SF: It’s very different. Esquire is filled with graphic design. Using color helps the drawings pop in that environment. It also fits the vibrant spirit of the magazine. Esquire has a distinct aesthetic. I try to visually and topically compliment that. Three of my cartoons appear per issue (monthly), linked by a theme, under the heading “Spot On by Seth Fleishman.” The November issue was “Spot On: Cinema.”  Each cartoon was a riff on a classic cinematic moment. That adds a layer of difficulty for me creatively, but it’s a fun challenge.

Below: a recent Fleishman Esquire cartoon

MM: Many cartoonists have something else going on with their work besides submitting to The New Yorker and whatever other publications they contribute to.  Some do children’s books, or they work on graphic novels, or mass media projects (television)… anything like that going on with you? 

SF: Not at the moment. Which is fine! I have plenty to do.

— I asked Mr. Fleishman if he would send an example of what his work looks like before it’s in the finished state you see published, and he sent this delightful sketch.

MM: Even more than mirror balls, I see that chickens show up a lot in your New Yorker drawings. Care to comment? 

SF: I have a simple rule: when in doubt, draw chickens. I’m typically an idea-first guy, but I’ll use other methods if necessary. One such method is to just start drawing without thinking. Trouble is, when I do that, nine times out of ten I draw a chicken! I’ve had many, many chicken drawings rejected. I don’t care. Have some more chickens! 

I live in a somewhat rural area. We still have working farms around here. I relate to animals. Chickens are humble, awkward looking little creatures. They have a certain charm to them. They are easy to draw. Who can explain it? I just like chickens. 

 

 

Barbara Shermund on the Cover of…Esquire

When Warren Bernard (of SPX) offered his scanned collection of advertising work by New Yorker cartoonists for use on this site, he included some bonus scans.  Among them were non-advertising work by New Yorker contributors that appeared in Esquire.  Looking through them the other day, Barnbara Shermund’s covers for Esquire popped out on the screen. Here are the four covers Mr. Bernard sent along.  There are a number of Shermund Esquire cartoons in his collection as well — I’ll show those at a later time.  If you want to read a quick capsule history of Ms. Shermund’s career, go here. Of note: Ms. Shermund had eight covers for The New Yorker. Her first was the 17th cover in the magazine’s history. I’ll show it here to give you an idea how her work changed from 1925 to the 1940s.

If you enlarge the covers, you’ll see that cartoonists appearing in each issue are named.  You’ll also notice how many of them are New Yorker contributors (such as Garrett Price, Michael Berry, Frank Beaven, Howard Baer, E. Simms Campbell, Eldon Dedini, and Sam Cobean).  A source (okay, it’s Bob Mankoff, Esquire’s cartoon editor) informed me that Esquire has a complete digital archive of all its cartoons — I’m hoping to get my hands on it one of these days in order to share even more cross-over information. Speaking of Sam Cobean, there was one Cobean Esquire cover included in Mr. Bernard’s collection:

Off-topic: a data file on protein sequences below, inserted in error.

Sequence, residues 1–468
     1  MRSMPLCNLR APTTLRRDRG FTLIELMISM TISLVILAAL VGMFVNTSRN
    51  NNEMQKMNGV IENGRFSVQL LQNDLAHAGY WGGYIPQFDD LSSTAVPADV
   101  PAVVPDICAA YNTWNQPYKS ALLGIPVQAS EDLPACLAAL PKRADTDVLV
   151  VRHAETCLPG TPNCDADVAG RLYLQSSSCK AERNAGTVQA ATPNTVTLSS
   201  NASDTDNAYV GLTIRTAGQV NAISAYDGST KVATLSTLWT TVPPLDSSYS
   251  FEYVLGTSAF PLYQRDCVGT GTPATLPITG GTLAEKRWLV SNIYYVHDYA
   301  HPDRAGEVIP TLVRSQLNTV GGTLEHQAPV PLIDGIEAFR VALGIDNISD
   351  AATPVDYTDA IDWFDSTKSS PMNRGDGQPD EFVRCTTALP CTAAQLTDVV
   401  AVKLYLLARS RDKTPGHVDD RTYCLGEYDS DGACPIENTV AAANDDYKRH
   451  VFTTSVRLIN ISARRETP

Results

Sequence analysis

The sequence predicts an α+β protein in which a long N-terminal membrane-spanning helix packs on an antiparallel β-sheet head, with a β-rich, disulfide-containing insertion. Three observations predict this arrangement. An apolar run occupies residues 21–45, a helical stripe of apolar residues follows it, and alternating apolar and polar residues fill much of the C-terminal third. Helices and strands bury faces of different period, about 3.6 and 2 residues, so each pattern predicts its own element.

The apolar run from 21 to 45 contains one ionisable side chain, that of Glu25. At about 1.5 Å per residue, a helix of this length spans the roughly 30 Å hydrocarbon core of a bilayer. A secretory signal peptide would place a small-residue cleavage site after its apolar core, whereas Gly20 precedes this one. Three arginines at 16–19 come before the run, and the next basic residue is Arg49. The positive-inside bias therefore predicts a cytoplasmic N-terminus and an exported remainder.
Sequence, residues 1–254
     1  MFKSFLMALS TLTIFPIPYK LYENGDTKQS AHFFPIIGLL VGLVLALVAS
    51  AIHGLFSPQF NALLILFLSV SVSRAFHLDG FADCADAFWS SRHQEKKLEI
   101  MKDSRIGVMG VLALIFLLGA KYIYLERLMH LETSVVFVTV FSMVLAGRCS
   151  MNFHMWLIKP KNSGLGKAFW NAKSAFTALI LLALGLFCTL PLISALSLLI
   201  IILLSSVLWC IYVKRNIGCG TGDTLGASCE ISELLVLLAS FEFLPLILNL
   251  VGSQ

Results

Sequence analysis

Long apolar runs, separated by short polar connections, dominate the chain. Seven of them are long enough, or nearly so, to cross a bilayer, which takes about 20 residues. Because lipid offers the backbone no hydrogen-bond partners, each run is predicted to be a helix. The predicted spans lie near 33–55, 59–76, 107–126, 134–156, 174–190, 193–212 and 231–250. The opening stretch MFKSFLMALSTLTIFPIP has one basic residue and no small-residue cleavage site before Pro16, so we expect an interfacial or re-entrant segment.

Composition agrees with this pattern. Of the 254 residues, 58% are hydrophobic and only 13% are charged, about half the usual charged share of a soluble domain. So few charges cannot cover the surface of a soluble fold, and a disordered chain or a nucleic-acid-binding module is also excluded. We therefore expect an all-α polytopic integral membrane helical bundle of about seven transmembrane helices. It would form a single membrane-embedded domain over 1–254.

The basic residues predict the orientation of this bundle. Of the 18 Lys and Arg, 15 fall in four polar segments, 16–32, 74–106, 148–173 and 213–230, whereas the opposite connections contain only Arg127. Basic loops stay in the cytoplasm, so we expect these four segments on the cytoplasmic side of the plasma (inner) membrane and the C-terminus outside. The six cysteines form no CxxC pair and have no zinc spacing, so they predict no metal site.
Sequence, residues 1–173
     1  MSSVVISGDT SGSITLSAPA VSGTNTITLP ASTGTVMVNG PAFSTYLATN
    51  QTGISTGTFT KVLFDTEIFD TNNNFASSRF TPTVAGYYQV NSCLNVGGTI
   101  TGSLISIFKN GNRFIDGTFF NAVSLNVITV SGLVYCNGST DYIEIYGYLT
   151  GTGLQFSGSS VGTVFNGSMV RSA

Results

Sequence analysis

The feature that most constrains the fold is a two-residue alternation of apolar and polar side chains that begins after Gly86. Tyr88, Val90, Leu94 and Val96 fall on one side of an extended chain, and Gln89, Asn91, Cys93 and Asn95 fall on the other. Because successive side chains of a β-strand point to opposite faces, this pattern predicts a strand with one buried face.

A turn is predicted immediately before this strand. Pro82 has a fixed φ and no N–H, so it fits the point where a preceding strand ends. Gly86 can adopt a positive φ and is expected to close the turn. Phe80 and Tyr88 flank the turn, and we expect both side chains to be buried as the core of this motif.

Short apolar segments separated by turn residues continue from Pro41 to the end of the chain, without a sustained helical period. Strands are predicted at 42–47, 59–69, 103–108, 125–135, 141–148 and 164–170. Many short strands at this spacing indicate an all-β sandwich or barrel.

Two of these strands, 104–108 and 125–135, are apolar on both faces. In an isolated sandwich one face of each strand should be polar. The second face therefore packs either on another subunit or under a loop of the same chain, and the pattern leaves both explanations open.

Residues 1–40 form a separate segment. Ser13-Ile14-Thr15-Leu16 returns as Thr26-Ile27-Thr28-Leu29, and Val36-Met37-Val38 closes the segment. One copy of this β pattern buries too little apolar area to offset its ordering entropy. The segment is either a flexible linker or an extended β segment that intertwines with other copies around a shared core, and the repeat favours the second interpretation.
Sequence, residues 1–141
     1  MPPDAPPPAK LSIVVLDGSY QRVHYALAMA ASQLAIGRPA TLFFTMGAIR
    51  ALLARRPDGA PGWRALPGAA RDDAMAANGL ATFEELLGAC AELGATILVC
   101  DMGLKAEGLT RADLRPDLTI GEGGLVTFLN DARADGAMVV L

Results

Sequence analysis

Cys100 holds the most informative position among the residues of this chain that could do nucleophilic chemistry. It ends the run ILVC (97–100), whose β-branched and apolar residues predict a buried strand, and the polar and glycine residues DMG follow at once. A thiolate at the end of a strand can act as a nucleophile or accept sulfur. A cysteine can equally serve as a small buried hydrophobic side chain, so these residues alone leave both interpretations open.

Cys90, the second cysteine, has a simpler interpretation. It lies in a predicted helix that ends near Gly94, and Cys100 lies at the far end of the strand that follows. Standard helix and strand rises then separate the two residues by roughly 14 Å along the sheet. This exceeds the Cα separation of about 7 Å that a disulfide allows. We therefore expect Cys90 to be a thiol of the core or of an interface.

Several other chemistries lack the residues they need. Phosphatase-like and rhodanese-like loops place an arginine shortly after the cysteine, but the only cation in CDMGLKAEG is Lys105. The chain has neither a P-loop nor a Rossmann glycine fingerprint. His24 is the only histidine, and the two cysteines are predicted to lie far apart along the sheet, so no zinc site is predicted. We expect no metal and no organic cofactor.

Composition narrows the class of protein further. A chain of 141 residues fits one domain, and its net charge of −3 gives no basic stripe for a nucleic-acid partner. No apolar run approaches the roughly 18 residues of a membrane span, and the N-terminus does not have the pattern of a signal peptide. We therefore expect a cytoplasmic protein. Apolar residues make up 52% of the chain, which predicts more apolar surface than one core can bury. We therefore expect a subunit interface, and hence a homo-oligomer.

Here’s Barbara Shermund’s entry on the Spill’s A-Z (and Mr. Cobean’s as well):

 

 

 

 

Barbara Shermund (self portrait, above) Born, San Francisco. 1899. Studied at The California School of Fine Arts. Died, 1978, New Jersey. New Yorker work: June 13, 1925 thru September 16, 1944. 8 covers and 599 cartoons. Shermund’s later post-New Yorker work was featured in Esquire. (See Liza Donnelly’s book, Funny Ladies — a history of The New Yorker’s women cartoonists — for more on Shermund’s life and work)

Sam Cobean (pictured above. Source: Sam Cobean’s World. See link to site below) Born, December 28, 1913, Gettysburgh, Penn. Died, July 2, 1951, Watkins Glen, New York. NYer work: 1944 -1951. Collections: Cobean’s Naked Eye (Harper Bros.,1950), the Cartoons of Cobean (Harper & Bros.,1952). Cobean’s Estate set up a terrific website in his honor. It includes a lengthy biography, with photographs, as well as a detailed listing of all Cobean’s published work. Website: Sam Cobean’s World http://www.samcobean.com/

Audio: Gil Roth Interviews R.O. Blechman; Mike Lynch Looks Back at Esquire’s Cartoons; A Playboy Cartoon

Gil Roth continues his remarkable  string of cartoonist/illustrator interviews — this week he speaks  with the great R. O. Blechman. One of my all-time favorite Blechman New Yorker covers (and one of my favorite all-time New Yorker covers, period) is shown to the left. (photo credit: Gil Roth)

Listen to the podcast here. 

Link here to Mr. Blechman’s website

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With Esquire suddenly in the cartoon conversation, Mike Lynch takes a look at some of the work and cartoonists that appeared there in days of yore.  Read it here. 

 

 

 

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And speaking of magazines that once ran cartoons, Playboy seemingly has recently returned to the fold. Tom Toro posted this cartoon on Instagram, writing,  “My cartoon in the current issue of @playboy”:

 

 

Bob Mankoff’s Third Act; An Update: Mankoff Puts the Kibosh on an Esquire Look Day